**^None of this means we don’t get to have vineyards, or cornfields.  It just means that we should see them for what they are: land taken away from nature to produce commodities.  They are, ecologically, clearcuts.  Well, worse than clearcuts, I guess.

***^We see this in the visual arts, too; although interestingly, the early 20th-century Canadian “Group of Seven” (among others) reacted against this by painting the wilderness.  It was, to a considerable extent, a tidy wilderness, though – perhaps tidiest in the work of Lawren Harris.

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4 thoughts on “No, vineyards are not beautiful (a conservation conundrum)

  1. Manu Saunders

    This is a huge generalisation & ignores the decades of literature on agroecology. I got a bit confused with confounding visual ‘beauty’ (a totally subjective opinion) with ‘ecological costs’, which can be quantified & there is absolutely no evidence that all vineyards, or even all crop systems, are ‘ecologically ruinous’ in that sense. There’s so much context involved in understanding agriculture’s impacts on ecological processes, it’s not just a simple case of agriculture vs nature. If managed ecologically, vineyards (& other types of agroecosystems) do support biodiversity & ecosystem function!

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    1. ScientistSeesSquirrel Post author

      Manu, thanks for commenting!

      On your first point – I’m sorry I confused you, because the fact that subjective beauty *isn’t* nicely correlated with ecological value is the whole point of the post – the fourth paragraph attempts to lay that out explicitly.

      On your second point – yes, of course some agroecosystems are better than others at providing some ecosystem services or at sustaining biodiversity. But: are you suggesting that a significant number of crop monocultures (vineyards or otherwise) would have aggregate ecological value anywhere close to the value of native habitat? I don’t mean single “ecosystem services” – I’m sure a canola field is great for bees, and an alfalfa field is great for nitrogen fixation, etc. etc. I mean, are there important cases where nature (broadly and vaguely defined) is better off with agriculture? Even as I type this, it sounds like a straw man, and yet it seems like the argument you’re making. “Absolutely no evidence” that crop monoculture doesn’t have steep ecological costs?

      (None of this means we shouldn’t have vineyards, alfalfa fields, subdivisions, etc., of course. It just means we should be conscious that people’s subjective idea of beauty may include those things, and so can’t be counted upon to protect nature.)

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      1. Manu Saunders

        Of course I’m not arguing that intensive monocultures are good for nature…I think my whole blog is evidence I don’t agree with that statement! 😉 There is plenty of published evidence showing monocultures negatively impact biodiversity & ecosystem function, including from my own research. But not all crop systems are intensive monocultures. Compared to some of the monoculture deserts I’ve worked in, the vineyard picture you include above looks reasonable, from an ecological perspective! It has living ground cover, which can enhance soil health, support numerous beneficial insects & vertebrates, the field boundary is visible, & the landscape shows there are diverse habitats nearby enhancing complexity…if the owners are managing this system without pesticides, even better! A lot of ecologically-managed crop systems can provide more resources for some wild animals than ‘wilderness’ areas, depending on the region/habitat/species etc…. Historical systems can also be more embedded in local ecological networks than recently-cleared/planted ones, e.g. farmland birds that have adapted to old ag landscapes in Europe. I’ve worked in a lot of different fruit systems, including vineyards, and I often see more wildlife species in the ecologically-managed systems than I do in my nearby ‘natural vegetation’ controls. So yes, of course people’s individual ideas of beauty are subjective & maybe not representative of ecological function. But all vineyard landscapes do not have a steep ecological cost, the agriculture vs. nature dichotomy is misleading.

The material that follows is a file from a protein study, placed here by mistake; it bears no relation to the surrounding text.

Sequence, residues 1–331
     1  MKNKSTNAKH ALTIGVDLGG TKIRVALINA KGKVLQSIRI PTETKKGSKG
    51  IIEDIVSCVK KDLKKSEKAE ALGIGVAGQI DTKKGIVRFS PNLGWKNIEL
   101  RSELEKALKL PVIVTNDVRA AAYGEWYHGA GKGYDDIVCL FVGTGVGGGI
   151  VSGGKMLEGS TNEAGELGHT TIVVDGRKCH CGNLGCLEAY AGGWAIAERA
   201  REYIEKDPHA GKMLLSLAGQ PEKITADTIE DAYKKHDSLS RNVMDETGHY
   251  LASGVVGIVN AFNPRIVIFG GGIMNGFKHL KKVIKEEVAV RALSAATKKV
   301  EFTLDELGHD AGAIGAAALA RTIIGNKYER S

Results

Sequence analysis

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  2. William

    I used to give a talk on Tom Thomson when I worked at Algonquin park and one of the things that was trendy to point out whas that much of the G7/TT art isn’t about wilderness per se, but rather about natural resources that can be exploited. I know TT better but just look:

    Old lumber dam:

    Pointer boats: